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LATINA MORTUA EST?

IS LATIN a dead language? Far from it if you’re into the biological sciences, philology, law or medicine. Or if you happen to be using an ATM in Vatican City. Or if you’re at Wallsend metro station in Tyne and Wear, a county in the north of England that once represented an outpost of the Roman Empire.

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Wallsend metro station, Tyne and Wear County, England. Image by Thryduulf.

My research in these matters was piqued by “Not Dead Yet,” a review by Anthony Grafton in the January 8, 2015, edition of the London Review of Books. I found Grafton’s review of Latin: Story of a World Language to be filled with copadia (Latin: tidbits).

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Latin: Story of a World Language, by Jürgen Leonhardt, translated by Kenneth Kronenberg, Harvard University Press, 2013.

For instance, even with the Fall of Rome occurring between 376 and 476 A.D., this language of Caesar, Cicero and Virgil continued to thrive. In fact, Grafton cites Leonhardt’s observation that “ancient texts represent no more than 0.01 percent of all surviving Latin.” Latin has been a second and universal language throughout the Western World.

Not that the language didn’t evolve over the centuries. By the seventh century, Grafton notes, “Most writers, outside the most learned Irish monasteries, conflated cases and declensions and dropped their aitches with abandon.”

England’s Magna Carta, composed in 1215, was written in a Latin rich with abbreviations. When the bawdy poems of Carmina Burana were composed, mostly in the 11th and 12th century, they were principally in Medieval Latin, an evolution of Vulgar Latin. Appropriate though it may sound, the term Vulgar here means “of the common folk,” not “coarse” or “obscene.”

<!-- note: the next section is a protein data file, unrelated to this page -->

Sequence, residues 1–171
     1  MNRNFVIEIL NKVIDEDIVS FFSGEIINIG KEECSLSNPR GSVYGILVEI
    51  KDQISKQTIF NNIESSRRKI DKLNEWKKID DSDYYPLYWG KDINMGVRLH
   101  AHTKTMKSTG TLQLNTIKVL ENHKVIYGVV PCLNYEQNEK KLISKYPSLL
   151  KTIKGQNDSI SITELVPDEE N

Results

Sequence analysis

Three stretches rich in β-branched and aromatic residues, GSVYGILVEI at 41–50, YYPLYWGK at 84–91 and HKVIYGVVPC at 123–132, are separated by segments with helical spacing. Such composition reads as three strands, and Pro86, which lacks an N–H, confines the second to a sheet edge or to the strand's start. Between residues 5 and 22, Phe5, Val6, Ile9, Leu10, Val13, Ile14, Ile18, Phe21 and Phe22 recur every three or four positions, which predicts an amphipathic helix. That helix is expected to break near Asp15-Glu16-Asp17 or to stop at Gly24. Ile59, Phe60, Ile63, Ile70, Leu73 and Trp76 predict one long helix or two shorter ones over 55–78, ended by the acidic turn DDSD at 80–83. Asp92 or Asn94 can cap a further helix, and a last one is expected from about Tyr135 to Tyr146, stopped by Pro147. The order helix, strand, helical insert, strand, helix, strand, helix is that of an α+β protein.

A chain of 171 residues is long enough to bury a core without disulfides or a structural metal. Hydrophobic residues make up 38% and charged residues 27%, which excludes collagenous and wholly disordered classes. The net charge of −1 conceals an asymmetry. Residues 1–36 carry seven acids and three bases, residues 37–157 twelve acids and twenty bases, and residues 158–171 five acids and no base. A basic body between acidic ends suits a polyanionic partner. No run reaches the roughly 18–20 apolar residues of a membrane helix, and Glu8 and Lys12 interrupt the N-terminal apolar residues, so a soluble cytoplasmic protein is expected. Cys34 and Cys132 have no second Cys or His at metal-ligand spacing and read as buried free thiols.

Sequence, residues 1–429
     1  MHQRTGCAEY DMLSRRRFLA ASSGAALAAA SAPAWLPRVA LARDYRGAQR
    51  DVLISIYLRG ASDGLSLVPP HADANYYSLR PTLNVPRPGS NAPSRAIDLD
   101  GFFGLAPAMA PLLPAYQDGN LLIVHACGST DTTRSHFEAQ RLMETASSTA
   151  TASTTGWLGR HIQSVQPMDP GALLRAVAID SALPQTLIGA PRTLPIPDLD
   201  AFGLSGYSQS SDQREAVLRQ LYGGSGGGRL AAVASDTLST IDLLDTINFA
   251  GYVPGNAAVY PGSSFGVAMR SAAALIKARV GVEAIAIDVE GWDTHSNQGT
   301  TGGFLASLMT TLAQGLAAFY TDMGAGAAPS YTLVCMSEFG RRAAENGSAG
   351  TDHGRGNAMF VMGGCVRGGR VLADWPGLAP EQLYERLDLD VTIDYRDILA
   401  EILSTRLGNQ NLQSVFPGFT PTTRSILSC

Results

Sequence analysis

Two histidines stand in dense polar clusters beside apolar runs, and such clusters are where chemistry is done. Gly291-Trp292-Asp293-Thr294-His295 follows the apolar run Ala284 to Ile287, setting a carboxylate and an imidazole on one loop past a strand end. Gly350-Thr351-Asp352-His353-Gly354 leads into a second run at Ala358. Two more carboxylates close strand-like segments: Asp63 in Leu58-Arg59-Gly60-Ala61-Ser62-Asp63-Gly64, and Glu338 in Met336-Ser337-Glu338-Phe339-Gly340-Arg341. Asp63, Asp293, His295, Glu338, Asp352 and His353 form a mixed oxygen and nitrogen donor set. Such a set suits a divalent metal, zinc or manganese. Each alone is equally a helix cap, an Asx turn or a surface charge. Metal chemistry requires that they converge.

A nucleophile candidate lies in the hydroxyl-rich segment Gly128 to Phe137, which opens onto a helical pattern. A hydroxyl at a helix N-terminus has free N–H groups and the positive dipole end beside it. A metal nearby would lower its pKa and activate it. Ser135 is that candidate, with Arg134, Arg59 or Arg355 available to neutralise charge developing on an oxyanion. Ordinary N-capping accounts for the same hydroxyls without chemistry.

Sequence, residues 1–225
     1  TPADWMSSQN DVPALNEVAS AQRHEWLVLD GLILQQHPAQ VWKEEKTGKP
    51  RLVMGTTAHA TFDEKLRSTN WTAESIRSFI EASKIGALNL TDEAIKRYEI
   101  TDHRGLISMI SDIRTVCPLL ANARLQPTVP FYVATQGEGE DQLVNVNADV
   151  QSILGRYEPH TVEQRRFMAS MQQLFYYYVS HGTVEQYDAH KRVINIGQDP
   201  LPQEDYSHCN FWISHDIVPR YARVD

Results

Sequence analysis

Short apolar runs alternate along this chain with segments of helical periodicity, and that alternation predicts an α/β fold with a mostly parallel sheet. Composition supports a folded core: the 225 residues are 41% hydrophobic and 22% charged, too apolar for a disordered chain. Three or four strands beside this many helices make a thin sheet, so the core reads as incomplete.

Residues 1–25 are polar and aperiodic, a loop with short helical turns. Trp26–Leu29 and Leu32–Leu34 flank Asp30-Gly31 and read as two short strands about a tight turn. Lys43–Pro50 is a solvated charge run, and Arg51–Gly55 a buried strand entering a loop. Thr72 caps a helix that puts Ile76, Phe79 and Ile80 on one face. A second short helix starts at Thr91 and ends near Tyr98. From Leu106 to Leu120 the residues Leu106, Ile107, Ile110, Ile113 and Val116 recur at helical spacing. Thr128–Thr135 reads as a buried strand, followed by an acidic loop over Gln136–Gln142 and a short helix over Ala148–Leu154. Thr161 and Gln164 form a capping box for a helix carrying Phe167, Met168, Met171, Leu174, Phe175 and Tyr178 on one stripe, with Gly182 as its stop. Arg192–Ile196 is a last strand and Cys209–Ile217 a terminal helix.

The Vulgate Bible was adopted in the mid-1500s as the official Catholic Church Latin version.

Ecclesiastical Latin, used universally in Catholic churches until the 1960s, evolved from this particular branch of the language. It continues today as the official language of the Holy See (though Vatican City’s official one is Italian).

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ATMs in Vatican City offer a choice of language.

When Sir Isaac Newton formulated his Philosophiae Naturalis Principia Mathematica in 1686, he composed the work in English, then translated it clause by clause into grammatically correct Latin.

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Philosophiae Naturalis Principia Mathematica, Mathematical Principles of Natural Philosophy. Sir Isaac Newton’s fundamental scientific work of 1686/1687.

Grafton notes that Newton’s use of Latin was “not because he thought Latin was especially appropriate for discussing planetary motion but because, like other scientists across Europe, he wanted his findings to circulate across borders.” German mathematician Carl Friedrich Gauss published in Latin for this same reason 150 years later.

In areas other than natural philosophy (as the sciences were termed back then), Latin faded as the universal language. When Johann Sebastian Bach was hired in 1723 as Kantor of the Thomasschule in Leipzig, he was not certified to teach Latin, as his predecessors had been.

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At left, the Magna Carta, 1215; at right, the Declaration of Independence, 1776.

Even in the world of diplomacy, Thomas Jefferson’s “unanimous Declaration of the thirteen States of America” composed in 1776 required no Latin embellishment.

However, as Grafton observes, “Latin and its supporters have had more crowd-pleasing death scenes than any diva in the history of opera.” What’s more, Leonhardt’s book concludes with a plea to teach Latin as a living language.

As an example, Grafton cites the Paideia Institute for Humanistic Study, founded in 2010 by former students of the Vatican Latinist Father Reginald Foster. In addition to total-immersion summer programs in Rome, Paideia works with high schools and universities in the U.S. to enhance their offerings in Latin and Ancient Greek languages and literature.

Paideia students might say of Latin, “Non solum vivere, sed vigere.” Latin not only lives, it thrives. ds

© Dennis Simanaitis, SimanaitisSays.com, 2015

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